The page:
"From 300, that leaves 30 years," I figured. "A lot can be done in 30 years, Mr. Loden."

"That's the naked truth," he said, his eye-knives on Vandy's young face, and he got up and bowed all around. "I thank you all for your hospitality. I'll come again if I may."

"Yes, sir," said Mr. Tewk in a hurry, but Mr. Loden looked at Vandy, waiting.

"Yes, sir," she told him, as if it would choke her.

He took up his gold-headed cane and gazed at me a hard gaze. Then I did a rude thing, but it was all I could think of.

"I don't feel right, not paying for what you all gave me," I allowed, getting up myself. From my dungaree pocket I took a silver quarter and dropped it on the table, almost in front of Mr. Loden.

"Take it away!" he squeaked, almost like a bat, and out of the house he was gone, bat-swift and bat-sudden.

The others sat and gopped after him. The night was thick outside, like black wool around the cabin. Mr. Tewk cleared his throat.

"John, you're better brought up than that," he said. "We don't take money from nobody we bid to eat with us. Pick it up."

"Yes, sir," I said. "I ask pardon, sir."

Putting away the quarter, I felt a trifle better. I'd done that once before with a silver quarter. I'd scared a man named Onselm almost out of his black art. So Mr. Loden was another witch man, and so he could be scared, too. I reckon I was foolish to think it was as easy as that.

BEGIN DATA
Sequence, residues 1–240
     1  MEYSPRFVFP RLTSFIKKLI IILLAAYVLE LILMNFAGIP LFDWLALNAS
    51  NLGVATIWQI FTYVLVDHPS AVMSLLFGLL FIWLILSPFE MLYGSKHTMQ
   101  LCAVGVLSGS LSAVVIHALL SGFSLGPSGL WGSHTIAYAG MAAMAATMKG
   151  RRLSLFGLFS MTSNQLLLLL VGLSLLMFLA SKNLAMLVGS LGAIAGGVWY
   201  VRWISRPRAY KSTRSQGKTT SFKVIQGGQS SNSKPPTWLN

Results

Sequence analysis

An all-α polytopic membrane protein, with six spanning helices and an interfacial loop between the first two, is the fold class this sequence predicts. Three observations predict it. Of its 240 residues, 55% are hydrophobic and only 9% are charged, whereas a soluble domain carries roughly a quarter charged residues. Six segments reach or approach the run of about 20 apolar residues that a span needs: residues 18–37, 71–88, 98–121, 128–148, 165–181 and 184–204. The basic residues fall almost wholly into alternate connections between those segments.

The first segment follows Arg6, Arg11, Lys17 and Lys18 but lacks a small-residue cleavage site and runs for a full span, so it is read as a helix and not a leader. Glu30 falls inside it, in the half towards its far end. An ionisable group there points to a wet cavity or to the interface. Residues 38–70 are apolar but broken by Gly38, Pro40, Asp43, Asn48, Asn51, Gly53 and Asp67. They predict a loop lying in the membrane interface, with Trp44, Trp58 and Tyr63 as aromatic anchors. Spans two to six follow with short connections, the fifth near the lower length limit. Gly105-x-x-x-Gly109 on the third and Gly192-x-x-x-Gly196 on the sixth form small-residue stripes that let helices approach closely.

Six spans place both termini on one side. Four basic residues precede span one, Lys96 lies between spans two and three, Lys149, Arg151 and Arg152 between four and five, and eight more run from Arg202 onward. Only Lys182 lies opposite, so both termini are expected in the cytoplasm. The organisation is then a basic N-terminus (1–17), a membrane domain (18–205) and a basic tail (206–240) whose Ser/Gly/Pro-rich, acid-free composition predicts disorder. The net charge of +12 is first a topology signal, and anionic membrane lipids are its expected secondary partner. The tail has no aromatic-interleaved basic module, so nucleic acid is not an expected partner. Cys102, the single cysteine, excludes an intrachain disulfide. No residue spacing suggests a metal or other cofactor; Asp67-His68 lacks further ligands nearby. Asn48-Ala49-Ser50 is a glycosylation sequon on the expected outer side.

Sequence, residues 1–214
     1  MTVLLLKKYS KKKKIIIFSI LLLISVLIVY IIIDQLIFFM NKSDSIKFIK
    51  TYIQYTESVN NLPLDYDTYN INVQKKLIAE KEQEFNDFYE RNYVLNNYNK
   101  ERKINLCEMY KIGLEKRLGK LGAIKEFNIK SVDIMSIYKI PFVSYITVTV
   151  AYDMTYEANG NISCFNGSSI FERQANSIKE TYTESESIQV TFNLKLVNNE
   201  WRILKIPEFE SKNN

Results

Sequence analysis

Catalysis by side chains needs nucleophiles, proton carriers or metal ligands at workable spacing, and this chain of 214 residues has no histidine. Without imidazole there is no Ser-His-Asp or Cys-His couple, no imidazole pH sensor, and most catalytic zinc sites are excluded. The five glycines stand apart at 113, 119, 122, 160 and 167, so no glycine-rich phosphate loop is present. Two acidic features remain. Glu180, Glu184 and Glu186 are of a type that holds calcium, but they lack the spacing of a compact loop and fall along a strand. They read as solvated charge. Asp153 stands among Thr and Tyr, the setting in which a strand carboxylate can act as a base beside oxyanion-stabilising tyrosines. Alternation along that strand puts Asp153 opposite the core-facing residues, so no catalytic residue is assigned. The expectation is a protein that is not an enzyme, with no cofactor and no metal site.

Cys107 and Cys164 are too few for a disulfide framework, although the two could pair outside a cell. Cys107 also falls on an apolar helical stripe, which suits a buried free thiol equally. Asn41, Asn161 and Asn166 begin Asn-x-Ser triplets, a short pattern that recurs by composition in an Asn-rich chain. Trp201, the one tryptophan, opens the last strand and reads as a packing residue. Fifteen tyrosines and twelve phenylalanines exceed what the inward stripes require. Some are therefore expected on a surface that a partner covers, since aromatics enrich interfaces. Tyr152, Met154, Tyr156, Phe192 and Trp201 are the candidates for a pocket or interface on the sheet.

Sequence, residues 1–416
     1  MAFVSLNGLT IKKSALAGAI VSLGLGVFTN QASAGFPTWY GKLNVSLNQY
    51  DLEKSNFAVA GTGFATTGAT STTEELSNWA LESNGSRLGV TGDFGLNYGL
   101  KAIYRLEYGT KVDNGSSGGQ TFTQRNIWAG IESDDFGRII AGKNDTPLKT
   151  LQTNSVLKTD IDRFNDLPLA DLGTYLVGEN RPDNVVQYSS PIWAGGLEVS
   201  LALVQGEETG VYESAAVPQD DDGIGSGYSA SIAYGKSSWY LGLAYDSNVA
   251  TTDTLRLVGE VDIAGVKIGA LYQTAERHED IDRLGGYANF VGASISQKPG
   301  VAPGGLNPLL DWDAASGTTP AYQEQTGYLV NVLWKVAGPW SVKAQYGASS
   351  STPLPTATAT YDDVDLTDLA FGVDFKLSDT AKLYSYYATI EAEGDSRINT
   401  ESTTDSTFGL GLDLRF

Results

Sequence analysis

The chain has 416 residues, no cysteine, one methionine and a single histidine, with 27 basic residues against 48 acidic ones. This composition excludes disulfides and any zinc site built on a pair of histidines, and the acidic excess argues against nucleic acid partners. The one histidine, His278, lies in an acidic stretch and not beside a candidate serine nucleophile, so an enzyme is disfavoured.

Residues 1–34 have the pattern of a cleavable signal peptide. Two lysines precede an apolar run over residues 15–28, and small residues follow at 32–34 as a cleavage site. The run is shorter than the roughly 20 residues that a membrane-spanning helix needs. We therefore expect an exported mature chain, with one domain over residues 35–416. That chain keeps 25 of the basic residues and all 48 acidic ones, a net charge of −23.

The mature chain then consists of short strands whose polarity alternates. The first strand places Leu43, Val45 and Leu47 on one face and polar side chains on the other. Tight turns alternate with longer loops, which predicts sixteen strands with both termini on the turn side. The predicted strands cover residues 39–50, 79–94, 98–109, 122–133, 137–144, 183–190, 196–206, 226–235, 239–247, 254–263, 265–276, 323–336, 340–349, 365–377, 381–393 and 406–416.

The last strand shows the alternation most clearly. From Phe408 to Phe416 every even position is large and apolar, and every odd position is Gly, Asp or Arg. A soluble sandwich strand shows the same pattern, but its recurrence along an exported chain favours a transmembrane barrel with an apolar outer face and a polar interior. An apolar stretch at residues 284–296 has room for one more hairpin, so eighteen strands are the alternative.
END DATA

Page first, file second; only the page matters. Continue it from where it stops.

I walked outside, leaving Mrs. Millen and Vandy doing up the dishes. The firelight showed me the stoop log to sit on. I touched my silver guitar strings and began to pick out the Vandy, Vandy tune, soft and gentle. After while, Calder came out and sat beside me and sang the words. I liked best the last verse:


Wake up, wake up! The dawn is breaking,
Wake up, wake up! It's almost day.
Open up your doors and your divers windows,
See my true love march away . . . .  


Calder finished, and then he said, "Mr. John, I never made out what divers windows is."

"An old time word," I said. "It means different kinds of windows. Another thing proves it's a mighty old song. A man seven years in the army must have gone to the war with the English, the first one. It lasted longer here in the south than other places, from 1775 to 1782. I figured a moment. "How old are you, Calder?"

"Rising onto ten."

"Big for your age. A boy your years in 1692 would be 90 in 1782 if he lived, what time the English war was near done and somebody or other had served seven years in the army."